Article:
Psychoanalysis has a unique therapeutic effect on anxiety disorder in adults, but it is seldom used in young children. Most patients who sleepwalk do not require treatment, but sleep disorders that result in daytime tiredness and behavioral and emotional problems require assessment and interventions. In our case, psychoanalytic therapy achieved a positive effect in the girl with sleepwalking and anxiety symptoms, suggesting its value as a feasible therapeutic option in children. The rationale of psychoanalysis is that the conscious activities control the unconscious activities, and desires that are not satisfied in daytime become disguised thoughts in latent dreams, which may destroy the frame of the dream by erupting into consciousness. Sleepwalking is such an episode that appears to turn the consciousness in NREM stage into unconsciousness in the REM stage.
Sigmund Freud's The Interpretation of Dreams marked significant developments in the psychoanalytic understanding of the function and process of dream. Ego defense mechanisms were defined as unconscious resources used by the ego to decrease the conflict between the id and the superego. In this case, the id of the patient imaged her own desire by free association and took disguise in sleepwalking episode when the judge in the game formed a new conscience, while social norm, which represented the supergo that, by erupting into consciousness, destroyed the frame of the mother's authority, and the conflict vanished with the well-designed disguise by the psychotherapist.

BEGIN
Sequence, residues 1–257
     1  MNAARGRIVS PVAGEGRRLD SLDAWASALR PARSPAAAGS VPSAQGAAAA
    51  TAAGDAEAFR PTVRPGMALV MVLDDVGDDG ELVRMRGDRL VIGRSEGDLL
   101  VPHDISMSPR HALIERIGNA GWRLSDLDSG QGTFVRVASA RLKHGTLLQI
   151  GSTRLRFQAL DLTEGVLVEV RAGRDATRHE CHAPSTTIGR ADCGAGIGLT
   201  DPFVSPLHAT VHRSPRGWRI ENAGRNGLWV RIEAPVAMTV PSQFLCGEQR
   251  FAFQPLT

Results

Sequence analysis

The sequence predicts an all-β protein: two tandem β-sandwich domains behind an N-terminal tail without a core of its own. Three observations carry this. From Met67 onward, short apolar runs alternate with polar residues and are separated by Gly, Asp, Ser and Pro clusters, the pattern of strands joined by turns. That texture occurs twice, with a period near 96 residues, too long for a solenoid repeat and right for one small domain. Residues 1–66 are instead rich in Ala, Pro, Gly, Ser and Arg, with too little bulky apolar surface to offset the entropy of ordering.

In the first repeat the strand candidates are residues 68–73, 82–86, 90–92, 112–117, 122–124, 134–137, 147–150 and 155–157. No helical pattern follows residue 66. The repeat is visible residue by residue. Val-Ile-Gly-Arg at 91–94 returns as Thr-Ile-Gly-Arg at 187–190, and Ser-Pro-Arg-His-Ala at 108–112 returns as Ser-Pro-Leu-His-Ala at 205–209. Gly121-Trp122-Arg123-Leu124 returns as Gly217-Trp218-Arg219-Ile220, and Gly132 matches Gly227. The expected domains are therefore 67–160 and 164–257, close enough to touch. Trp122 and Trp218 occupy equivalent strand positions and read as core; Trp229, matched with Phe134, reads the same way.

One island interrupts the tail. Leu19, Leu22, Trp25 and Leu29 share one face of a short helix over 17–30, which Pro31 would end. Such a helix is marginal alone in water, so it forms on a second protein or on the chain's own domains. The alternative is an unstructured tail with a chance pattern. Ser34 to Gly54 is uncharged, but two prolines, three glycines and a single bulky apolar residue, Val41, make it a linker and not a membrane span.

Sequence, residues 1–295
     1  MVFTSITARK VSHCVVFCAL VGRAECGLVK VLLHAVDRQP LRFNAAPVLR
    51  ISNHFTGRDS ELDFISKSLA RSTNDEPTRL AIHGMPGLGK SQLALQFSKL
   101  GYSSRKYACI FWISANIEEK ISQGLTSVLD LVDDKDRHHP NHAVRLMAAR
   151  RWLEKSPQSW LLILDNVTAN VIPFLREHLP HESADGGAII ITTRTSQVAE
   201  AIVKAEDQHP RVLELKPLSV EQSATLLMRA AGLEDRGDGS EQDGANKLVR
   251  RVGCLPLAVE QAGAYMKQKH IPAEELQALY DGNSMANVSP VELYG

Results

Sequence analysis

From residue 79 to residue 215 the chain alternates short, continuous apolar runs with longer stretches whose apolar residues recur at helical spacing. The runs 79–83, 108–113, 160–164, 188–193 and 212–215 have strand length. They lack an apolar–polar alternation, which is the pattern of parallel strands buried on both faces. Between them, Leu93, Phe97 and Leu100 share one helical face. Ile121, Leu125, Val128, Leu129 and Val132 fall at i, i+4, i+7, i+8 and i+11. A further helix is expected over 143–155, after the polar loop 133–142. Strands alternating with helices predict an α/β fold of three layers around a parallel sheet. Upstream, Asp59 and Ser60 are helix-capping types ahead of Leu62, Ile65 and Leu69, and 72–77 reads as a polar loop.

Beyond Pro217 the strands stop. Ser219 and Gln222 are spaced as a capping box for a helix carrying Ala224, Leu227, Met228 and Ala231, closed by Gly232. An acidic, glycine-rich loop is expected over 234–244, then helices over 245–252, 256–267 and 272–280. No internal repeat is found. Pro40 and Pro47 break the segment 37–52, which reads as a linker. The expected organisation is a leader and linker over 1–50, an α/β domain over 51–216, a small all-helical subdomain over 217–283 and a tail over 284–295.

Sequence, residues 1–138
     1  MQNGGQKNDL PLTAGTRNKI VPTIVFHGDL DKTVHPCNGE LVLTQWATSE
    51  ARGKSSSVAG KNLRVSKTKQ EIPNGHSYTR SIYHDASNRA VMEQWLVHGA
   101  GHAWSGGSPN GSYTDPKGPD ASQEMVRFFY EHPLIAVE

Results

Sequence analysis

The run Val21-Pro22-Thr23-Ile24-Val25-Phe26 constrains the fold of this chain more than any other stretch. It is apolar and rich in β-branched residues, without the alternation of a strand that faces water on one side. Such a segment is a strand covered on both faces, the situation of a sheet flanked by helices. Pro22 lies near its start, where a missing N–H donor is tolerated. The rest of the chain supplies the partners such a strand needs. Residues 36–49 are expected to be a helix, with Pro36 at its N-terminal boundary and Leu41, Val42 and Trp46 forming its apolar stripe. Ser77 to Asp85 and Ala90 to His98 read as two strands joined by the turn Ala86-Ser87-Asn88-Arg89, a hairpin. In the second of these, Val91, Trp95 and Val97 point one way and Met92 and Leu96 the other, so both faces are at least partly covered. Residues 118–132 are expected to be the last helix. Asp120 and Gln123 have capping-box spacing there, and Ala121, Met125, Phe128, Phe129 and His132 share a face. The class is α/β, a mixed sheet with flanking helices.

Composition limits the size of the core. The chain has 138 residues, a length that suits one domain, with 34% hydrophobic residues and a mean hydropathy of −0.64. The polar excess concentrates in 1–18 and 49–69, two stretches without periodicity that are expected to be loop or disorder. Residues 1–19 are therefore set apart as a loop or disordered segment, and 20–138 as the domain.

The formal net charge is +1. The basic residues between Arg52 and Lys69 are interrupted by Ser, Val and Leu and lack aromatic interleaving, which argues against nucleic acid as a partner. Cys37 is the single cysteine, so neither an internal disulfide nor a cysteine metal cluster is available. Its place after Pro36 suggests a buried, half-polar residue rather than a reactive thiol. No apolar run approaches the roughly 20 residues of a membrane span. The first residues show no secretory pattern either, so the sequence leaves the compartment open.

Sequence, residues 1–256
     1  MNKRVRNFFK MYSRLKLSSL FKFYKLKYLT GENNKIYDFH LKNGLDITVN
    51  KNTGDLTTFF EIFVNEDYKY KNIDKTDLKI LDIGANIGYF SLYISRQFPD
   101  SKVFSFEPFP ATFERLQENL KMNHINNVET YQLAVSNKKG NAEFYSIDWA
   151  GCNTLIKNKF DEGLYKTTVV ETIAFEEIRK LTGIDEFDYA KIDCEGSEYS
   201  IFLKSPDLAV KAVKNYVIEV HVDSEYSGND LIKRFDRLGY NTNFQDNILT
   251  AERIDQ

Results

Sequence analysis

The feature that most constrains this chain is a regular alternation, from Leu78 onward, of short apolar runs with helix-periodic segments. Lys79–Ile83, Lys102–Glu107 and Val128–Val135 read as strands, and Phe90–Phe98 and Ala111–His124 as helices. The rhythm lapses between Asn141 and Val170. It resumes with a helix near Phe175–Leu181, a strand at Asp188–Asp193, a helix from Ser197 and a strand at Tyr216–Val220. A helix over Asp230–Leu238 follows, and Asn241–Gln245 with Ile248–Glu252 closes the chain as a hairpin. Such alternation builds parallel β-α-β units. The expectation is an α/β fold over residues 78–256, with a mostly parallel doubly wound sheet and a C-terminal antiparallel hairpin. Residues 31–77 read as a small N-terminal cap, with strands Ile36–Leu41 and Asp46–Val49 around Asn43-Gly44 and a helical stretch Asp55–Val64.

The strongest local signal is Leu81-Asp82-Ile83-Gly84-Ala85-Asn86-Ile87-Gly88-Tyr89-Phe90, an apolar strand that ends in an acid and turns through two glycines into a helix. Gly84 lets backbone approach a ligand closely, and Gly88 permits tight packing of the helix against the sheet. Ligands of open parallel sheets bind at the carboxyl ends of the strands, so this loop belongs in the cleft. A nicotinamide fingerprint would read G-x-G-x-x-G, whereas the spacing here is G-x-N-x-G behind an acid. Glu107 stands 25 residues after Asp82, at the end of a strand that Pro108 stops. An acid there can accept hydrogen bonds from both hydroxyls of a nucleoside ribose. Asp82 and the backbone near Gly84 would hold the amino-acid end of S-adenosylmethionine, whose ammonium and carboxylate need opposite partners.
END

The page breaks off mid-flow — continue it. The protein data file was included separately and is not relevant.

It is easier to establish trust with children and cope with their resistance than with adults, and psychotherapy can thus be more effective. Sleepwalking represents the compromise between id and superego and reveals an obvious meaning of a dream that a psychotherapist should try to understand. The children's dreams are often difficult to interpret, but clues can be found in the details in the descriptions by family members. Id fades with age while ego and superego begin to develop in early childhood; the defense mechanism also increases from adolescence to middle age, and remains stable until late midlife. Early intervention of sleepwalking in childhood, through psychological therapy rather than medications, can decrease the false revival of unconscious desires that should be repressed in the future life.
We thank Prof. ZHU Min for proofreading the manuscript.